Hello guys. I am knowledgeable in C++ and am using Visual Studio right now, but I’m fairly new to SDl and I’m coming over from GameMaker Studio, so a lot of my logic when it comes to organization is based on how I organized my projects in GameMaker. However, because of this, I’ve run into some issues, and I was hoping you guys could give me some tricks and tips on organization.
As of now, I have a texture class and a seperate “object” class that holds stuff like object coordinates and functions to move the objects around and such. Y’know the drill. However, when it comes to textures and objects, I’m finding it difficult to make them work together. A lot of the functions I use in my object class I’d like to use in my Texture class, like moving an object across the speed at a given pace. So, my thought was to reconstruct the texture class to make it a derived class of the object class so all those functions carry over and I don’t have to rewrite them. However, this obviously prevents me from using instances of my texture class in my object instances.
I really want to try to learn SDL by myself as much as I can, but I really am having trouble finding online resources that address these specific issues, and I was hoping you guys could give me some tips on how to resolve this.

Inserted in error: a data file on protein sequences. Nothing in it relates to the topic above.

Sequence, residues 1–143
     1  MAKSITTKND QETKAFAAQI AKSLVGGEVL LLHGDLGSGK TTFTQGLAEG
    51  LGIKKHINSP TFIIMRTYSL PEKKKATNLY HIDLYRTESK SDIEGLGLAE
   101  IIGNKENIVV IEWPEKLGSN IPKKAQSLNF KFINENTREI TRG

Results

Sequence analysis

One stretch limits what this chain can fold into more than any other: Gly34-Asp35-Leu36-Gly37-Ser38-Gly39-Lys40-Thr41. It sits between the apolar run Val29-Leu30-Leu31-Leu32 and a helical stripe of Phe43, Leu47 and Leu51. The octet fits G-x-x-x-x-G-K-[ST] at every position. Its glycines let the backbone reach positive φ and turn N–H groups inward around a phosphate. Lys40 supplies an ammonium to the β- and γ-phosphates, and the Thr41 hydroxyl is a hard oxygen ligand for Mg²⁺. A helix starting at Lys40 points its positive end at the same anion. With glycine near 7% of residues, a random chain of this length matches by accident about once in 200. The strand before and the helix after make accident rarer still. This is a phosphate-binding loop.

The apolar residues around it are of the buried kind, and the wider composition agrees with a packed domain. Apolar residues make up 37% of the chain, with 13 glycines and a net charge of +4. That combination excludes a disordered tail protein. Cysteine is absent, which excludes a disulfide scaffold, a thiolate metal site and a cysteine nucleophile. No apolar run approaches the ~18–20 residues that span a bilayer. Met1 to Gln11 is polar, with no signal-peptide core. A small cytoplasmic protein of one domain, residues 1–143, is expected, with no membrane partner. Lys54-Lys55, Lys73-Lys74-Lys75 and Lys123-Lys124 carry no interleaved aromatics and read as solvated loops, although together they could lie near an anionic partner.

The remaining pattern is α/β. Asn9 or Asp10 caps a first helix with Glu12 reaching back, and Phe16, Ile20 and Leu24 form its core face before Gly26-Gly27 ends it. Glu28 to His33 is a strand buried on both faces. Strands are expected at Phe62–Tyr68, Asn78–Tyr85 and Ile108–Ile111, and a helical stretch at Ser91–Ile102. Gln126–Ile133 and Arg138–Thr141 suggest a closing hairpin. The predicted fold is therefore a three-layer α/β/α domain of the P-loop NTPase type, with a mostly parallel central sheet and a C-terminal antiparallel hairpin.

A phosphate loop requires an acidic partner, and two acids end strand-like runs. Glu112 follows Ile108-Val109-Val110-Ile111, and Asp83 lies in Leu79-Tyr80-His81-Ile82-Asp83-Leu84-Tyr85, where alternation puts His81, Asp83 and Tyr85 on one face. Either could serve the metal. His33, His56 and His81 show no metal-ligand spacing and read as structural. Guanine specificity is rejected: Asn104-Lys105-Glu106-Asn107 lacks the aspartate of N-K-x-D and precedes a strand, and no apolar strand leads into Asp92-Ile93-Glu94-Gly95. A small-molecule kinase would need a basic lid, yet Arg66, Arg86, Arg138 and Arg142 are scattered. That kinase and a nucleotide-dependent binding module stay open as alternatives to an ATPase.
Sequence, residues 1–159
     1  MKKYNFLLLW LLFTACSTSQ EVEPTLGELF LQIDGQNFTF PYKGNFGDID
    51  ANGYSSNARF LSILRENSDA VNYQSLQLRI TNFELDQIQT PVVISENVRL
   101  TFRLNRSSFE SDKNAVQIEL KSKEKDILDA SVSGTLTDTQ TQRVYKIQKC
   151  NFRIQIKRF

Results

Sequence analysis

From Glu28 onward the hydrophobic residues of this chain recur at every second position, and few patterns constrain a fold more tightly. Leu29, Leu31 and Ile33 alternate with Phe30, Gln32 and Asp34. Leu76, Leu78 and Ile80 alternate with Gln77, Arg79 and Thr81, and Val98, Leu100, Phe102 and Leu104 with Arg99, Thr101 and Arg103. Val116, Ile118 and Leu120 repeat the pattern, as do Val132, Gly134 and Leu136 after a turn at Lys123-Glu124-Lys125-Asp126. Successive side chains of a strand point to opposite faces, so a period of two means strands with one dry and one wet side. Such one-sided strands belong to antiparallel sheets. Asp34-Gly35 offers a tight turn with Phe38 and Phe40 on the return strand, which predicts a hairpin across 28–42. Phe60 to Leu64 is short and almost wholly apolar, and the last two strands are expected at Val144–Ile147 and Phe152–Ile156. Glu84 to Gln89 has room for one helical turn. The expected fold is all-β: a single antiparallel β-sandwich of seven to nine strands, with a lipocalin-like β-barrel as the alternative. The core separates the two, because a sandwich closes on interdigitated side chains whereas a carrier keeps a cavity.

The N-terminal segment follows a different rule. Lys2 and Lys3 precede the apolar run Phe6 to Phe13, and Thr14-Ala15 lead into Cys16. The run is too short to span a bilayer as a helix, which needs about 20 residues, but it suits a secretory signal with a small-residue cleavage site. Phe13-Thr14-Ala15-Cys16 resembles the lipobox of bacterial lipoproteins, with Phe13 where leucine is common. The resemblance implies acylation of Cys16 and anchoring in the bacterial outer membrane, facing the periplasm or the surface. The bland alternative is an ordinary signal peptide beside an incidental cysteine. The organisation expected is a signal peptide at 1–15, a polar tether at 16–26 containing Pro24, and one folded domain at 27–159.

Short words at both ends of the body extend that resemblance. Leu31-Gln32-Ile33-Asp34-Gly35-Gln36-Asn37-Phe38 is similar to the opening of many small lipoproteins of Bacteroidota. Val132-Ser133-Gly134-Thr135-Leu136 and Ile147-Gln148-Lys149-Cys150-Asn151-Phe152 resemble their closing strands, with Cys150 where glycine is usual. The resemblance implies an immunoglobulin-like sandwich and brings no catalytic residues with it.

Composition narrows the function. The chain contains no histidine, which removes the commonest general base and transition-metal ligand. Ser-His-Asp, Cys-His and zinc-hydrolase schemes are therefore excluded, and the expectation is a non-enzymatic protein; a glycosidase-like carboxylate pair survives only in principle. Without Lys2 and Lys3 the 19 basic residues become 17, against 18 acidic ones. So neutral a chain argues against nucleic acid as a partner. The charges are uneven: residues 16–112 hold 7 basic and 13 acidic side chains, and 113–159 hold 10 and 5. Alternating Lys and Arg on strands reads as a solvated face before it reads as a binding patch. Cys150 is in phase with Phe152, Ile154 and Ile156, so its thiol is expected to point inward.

What you are saying makes complete sense, and actually that’s why I created the texture class so I could just call on the texture instance and a member. Also yes I am using C++ sorry I should’ve mentioned that. Anyways though, since I am able to accomplish everything you mentioned through the class creation, are there any other reasons why I should not use a texture class? Honestly, GameMaker kinda took care of everything behind the scenes, so while I personally don’t see an issue with creating a separate texture class (hence, why I did it), maybe there’s something in the background with classes that may slow down my program or something that I just don’t know of. Thank you for your response.
If you want you could create a Texture class that is essentially just a wrapper around SDL_Texture but I don’t think you should add much more to it than that. Let a Texture represent a texture (without position, speed, etc). Instead create other classes that contains/uses the textures. That way you keep things better separated and organized.
When I have written games in SDL 1.2 (which didn’t have SDL_Texture so used SDL_Surface instead) I have created a Surface/Image class which was essentially just a wrapper around SDL_Surface. Then I created a Sprite class to represent an image on the screen. It contained a “surface”, a position and a z-order (plus some additional stuff for clipping because I might not want to display the whole surface). The Sprite class could then essentially be used in any part of the game where I want to display an image but this depends very much on the game and the situation. In one game I have a GameObject class that contains a Sprite object but it could also be used in a menu that wants to display an image. Note that the logical position of the game objects don’t necessarily have to be exactly the same as the position of the sprites.